Temperature is an important characteristic of food and drink. In addition to food-intrinsic temperature (i.e., serving temperature), consumers often experience food-extrinsic temperature (e.g., physical warmth). Emerging research on cross-modal correspondence has revealed that people reliably associate temperature with other sensory features. Building on the literature on cross-modal correspondence and sensation transference theory, the present study aimed to reveal mental representations of temperature–taste correspondence and cross-modal mental representations influencing corresponding sensory/hedonic perceptions of beverages, with a focus on manipulating food-extrinsic warmth. To reveal mental representations of temperature–taste correspondence, Experiment 1 investigated whether temperature words (warm, cool) are associated with sensory/hedonic attributes (e.g., sweet, sour, salty, bitter). The results of Experiment 1 demonstrated that warm (vs. cool) was matched more with saltiness, tastiness, healthfulness, and preference (intention to buy), whereas cool (vs. warm) was matched more with sourness and freshness. Experiment 2 assessed whether cross-modal mental representations influence corresponding sensory/hedonic perceptions of beverages. The participants wore hot and cold pads and rated sensory/hedonic attributes of Japanese tea (Experiment 2a) or black coffee (Experiment 2b) before and after tasting it. The results of Experiment 2a demonstrated that physical warmth (vs. coldness) increased healthfulness and the intention to buy Japanese tea. The results of Experiment 2b did not reveal any effects of physical warmth on sensory/hedonic ratings. These findings provide evidence of taste–temperature correspondence and provide preliminary support for the influence of food-extrinsic warmth on taste attributes related to positivity.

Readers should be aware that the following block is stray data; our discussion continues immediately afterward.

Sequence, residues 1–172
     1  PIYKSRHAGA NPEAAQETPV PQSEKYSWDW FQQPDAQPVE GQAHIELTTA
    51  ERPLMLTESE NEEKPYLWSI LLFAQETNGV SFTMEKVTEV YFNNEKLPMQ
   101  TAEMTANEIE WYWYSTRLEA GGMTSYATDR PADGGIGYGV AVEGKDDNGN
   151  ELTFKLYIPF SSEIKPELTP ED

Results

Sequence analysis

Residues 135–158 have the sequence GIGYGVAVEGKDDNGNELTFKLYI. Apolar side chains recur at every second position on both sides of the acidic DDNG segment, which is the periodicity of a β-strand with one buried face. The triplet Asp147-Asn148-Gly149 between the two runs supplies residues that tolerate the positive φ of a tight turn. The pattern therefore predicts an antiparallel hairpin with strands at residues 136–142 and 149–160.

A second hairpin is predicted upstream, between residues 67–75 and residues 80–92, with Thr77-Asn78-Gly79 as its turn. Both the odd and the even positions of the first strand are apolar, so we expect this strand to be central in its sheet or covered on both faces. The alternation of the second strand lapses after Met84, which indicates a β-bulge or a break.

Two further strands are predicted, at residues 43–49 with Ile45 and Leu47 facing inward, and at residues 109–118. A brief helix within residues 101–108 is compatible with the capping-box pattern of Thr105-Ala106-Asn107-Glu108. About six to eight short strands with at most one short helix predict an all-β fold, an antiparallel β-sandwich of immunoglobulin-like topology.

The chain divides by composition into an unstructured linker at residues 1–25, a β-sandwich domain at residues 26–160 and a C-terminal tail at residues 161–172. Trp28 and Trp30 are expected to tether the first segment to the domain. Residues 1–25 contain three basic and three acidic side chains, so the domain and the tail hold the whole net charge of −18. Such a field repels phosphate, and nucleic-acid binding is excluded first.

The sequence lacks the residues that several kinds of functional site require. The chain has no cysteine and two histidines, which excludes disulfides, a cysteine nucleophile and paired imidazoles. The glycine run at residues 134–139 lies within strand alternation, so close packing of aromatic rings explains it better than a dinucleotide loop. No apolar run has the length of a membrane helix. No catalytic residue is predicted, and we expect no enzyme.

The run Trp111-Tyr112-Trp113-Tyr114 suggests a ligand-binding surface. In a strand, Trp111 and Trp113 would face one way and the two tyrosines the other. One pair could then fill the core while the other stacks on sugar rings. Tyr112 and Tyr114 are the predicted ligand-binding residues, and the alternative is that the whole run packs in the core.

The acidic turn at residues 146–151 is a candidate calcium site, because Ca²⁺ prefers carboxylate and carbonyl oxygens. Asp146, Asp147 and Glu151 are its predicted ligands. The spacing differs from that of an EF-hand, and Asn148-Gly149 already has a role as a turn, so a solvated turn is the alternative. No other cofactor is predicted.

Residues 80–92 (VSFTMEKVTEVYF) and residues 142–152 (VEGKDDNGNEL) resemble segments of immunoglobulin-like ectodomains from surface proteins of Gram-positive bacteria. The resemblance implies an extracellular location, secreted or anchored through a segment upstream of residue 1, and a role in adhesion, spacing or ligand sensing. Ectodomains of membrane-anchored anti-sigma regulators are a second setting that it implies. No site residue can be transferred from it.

ASJC Scopus subject areas